Methods to predict one connected structure from two known separate structures

Currently, I am facing such a question: how to predict one connected protein structures from two separate known structures?

It should be different from the protein-protein docking method, which is non-covalent interactions. My question is that the two proteins should "contently" link together.

Any suggestions are appreciated.

• MODELLER can do this as well. – jgreener Jul 6 '20 at 10:42

There are two approaches here.

Physiological

If domain A and B of your protein interact with each other physiologically, then you need to protein-protein docking. This is not too straightforward as protein are flexible.

Several online servers exists such as Haddock and include ClusPro, which use more traditional approaches. While the online server DEMO (I-Tasser group) does a structural homology based search and a final MD based repacking to better minimise the structures (no protein-protein docking).

Many of these work by magic as far as the user is concerned. But understanding what is going on is really important, even if it is overly laborious. When you don't know where a protein goes, it's called blind or global docking, which is computational expensive and so imprecise that the effort required to prove it is correct for peer-review is too steep for it to be useful. If you are doing local docking it is okay, which may be the case here depending on the linker. Specifically, you need to generate more 'decoys' (potential poses) the more unsure you are: tens of thousands or more. Then you have find clusters and see how each scores following more precise refinement. As an example of a tediously and manually set up run, Rosetta has several docking protocols, which explain the steps required —of note are the many judgement calls, such as in the local refinement, where one has to judge whether setting -dock_pert 3 8 (3 Å and 8° perturbation) is too strict etc.

Pretty picture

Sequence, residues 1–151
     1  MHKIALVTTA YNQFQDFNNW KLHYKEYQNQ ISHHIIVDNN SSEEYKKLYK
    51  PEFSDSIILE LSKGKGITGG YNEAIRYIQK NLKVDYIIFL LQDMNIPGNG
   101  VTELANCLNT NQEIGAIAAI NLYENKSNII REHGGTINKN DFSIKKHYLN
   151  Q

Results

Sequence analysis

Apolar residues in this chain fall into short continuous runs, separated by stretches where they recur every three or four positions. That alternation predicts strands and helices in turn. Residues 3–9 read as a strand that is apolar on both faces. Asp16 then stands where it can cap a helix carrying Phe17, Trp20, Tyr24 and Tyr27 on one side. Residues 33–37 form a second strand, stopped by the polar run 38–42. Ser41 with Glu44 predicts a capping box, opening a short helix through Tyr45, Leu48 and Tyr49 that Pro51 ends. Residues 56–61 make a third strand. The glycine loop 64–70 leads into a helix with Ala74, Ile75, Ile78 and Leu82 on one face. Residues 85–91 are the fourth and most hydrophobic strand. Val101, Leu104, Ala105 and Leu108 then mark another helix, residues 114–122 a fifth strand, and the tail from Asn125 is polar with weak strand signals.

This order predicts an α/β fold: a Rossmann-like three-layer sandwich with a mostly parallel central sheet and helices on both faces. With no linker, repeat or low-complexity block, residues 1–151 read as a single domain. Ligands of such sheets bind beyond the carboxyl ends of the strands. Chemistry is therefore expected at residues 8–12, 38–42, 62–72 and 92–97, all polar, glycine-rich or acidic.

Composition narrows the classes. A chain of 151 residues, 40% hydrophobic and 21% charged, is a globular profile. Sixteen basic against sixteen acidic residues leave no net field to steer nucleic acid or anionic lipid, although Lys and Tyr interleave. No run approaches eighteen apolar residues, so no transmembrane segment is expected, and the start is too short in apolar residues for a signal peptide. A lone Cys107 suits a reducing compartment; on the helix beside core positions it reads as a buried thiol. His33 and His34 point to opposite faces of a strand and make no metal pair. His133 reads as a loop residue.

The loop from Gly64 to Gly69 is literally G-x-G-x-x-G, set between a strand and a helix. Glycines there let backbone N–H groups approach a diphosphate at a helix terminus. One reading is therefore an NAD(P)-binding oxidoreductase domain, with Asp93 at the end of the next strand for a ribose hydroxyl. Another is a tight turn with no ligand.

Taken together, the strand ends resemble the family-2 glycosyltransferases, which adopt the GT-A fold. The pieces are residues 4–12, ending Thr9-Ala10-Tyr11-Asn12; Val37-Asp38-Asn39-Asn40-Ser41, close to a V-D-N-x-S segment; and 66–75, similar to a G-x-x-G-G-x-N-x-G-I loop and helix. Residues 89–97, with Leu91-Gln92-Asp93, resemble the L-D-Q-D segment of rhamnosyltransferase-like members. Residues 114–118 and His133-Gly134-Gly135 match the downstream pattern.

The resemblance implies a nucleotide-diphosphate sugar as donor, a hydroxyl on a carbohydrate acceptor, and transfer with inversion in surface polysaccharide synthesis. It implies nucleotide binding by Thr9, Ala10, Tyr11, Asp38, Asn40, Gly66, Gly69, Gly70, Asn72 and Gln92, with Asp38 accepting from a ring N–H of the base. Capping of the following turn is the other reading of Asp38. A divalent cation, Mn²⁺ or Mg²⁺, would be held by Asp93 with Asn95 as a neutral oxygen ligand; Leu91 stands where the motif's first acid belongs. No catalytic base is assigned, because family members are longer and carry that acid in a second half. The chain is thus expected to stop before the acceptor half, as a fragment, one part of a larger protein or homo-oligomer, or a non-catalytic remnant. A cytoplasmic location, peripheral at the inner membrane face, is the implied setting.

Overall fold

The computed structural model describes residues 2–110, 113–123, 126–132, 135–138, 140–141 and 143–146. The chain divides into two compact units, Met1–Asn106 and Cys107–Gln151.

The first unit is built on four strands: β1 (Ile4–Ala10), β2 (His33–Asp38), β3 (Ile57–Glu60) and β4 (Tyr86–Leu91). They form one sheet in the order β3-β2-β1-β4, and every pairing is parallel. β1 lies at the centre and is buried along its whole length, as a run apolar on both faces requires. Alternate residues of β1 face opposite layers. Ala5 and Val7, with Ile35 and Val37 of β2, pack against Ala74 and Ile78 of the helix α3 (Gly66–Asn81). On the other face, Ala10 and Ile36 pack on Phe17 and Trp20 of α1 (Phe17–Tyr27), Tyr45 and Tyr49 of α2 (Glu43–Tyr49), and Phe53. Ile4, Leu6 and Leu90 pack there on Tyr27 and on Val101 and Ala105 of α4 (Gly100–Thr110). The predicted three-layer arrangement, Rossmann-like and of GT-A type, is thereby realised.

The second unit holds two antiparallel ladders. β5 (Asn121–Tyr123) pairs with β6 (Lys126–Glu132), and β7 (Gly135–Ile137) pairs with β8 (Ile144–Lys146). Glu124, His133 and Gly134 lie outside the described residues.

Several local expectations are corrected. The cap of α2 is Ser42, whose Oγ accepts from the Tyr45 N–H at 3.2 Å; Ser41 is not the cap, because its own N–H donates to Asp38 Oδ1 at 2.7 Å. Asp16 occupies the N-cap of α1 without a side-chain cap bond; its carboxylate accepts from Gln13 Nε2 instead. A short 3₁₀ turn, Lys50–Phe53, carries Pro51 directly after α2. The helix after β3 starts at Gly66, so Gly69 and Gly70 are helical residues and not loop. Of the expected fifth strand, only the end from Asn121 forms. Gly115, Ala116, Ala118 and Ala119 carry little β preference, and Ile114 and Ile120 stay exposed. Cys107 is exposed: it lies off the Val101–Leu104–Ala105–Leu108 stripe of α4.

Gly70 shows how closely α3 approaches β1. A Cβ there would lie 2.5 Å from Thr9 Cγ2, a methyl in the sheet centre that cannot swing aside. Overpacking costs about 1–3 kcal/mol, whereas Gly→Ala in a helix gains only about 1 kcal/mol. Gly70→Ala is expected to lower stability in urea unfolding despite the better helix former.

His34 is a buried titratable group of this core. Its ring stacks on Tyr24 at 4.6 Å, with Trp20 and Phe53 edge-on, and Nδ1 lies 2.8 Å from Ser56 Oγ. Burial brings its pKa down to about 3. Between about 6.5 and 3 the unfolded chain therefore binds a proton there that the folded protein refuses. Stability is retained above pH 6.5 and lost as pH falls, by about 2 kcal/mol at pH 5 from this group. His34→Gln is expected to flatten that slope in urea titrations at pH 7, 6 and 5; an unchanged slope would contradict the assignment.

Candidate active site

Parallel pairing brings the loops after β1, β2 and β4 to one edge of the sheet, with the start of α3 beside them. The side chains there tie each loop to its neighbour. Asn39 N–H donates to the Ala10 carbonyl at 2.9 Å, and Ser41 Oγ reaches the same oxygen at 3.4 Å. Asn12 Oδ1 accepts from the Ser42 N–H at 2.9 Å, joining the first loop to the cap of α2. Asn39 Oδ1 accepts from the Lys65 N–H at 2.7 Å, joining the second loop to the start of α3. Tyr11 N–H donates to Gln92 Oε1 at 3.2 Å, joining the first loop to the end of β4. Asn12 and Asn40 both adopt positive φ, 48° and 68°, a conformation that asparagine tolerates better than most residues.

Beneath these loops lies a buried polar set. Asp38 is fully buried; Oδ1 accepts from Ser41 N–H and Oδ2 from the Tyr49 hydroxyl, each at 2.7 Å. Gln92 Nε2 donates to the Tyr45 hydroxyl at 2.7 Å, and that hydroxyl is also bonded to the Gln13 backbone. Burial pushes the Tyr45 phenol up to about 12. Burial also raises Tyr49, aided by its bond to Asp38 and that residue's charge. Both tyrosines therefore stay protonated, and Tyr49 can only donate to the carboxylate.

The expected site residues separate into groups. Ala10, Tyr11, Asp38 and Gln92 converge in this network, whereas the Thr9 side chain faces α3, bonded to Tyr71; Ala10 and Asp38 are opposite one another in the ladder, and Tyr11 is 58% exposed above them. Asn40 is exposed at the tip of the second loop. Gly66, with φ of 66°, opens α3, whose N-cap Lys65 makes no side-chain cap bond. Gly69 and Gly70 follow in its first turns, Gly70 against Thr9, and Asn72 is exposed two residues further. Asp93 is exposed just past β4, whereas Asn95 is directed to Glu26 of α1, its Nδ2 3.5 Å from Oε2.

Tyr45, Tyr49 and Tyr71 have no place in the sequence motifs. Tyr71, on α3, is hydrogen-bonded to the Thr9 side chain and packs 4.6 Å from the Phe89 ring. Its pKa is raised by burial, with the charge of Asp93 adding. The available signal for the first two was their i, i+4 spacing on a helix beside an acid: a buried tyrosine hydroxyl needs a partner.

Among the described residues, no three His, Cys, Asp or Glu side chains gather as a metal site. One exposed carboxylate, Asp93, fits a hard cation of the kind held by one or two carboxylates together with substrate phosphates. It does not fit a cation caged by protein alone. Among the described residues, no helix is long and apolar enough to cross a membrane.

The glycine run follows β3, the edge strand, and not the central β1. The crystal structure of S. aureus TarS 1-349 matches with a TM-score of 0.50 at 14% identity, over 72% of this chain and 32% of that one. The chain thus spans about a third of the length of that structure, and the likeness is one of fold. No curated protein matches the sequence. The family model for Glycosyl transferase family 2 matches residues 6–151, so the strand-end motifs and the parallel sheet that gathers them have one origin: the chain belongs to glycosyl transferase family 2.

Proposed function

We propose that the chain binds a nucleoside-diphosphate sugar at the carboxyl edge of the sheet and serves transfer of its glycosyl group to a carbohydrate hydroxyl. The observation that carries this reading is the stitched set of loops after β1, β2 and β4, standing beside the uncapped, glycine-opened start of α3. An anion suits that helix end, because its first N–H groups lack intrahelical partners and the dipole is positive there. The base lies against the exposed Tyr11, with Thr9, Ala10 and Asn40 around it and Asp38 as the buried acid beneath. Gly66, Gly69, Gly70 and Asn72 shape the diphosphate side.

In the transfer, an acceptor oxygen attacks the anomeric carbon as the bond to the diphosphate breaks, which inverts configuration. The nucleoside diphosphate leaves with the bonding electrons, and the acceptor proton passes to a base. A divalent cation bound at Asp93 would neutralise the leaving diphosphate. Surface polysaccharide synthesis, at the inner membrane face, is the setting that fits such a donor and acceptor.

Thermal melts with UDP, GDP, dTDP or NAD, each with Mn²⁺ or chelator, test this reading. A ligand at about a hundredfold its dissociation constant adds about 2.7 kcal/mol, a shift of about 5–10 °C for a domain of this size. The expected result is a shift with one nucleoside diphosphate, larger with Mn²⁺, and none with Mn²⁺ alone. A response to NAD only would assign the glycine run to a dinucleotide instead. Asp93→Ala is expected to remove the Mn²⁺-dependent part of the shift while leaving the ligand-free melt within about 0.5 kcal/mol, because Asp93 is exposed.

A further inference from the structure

The protein-protein docking approach will result in a globular protein, which may be incorrect and majorly is not great for pictures.

If you want a pretty picture of two or more domains most likely you would want them placed like beads on a string. If you have a linker that is not solved the recommended distance to space them is $$(3.5 N_{missing})^{0.5}$$ Å —unfortunately I do not know where this lore comes from. If it helps I wrote a script that does this in automatic but manual placement works best.

If one wanted to do a better job, one tool to use is Rosetta remodel, which has a bit of a learning curve, but is very powerful for protein design. This requires the PDB to be on a single chain (pymol alter command, followed by create will do the trick: more here) and actually the amino acids to not have gaps —PDB number being the same as the pose numbering. Rosetta gives better results if the poses are energy minimised, but for this it does not matter too much. Then a "blueprint file" formatted as discussed in the documentation. Briefly, in a way that residues left alone are in the form 1 M . (where residue 1 is a methionine), while the residues before and after the insertion are like 100 D L PIKAA D (meaning D100 is changed to a Asp in loop SS; not actual numbers or residue), while between entries are added 0 X L PIKAA G etc. To model loops, -generic_aa G is a good option as this tells the default rough fitting (centroid mode) to use glycine and not valine as generic residue. The top pose will actually not have a superb score, so a 3 (regular) or more cycles (15 thorough) with Rosetta Relax application either of the whole protein or with a movemap specific to the linker, may be done.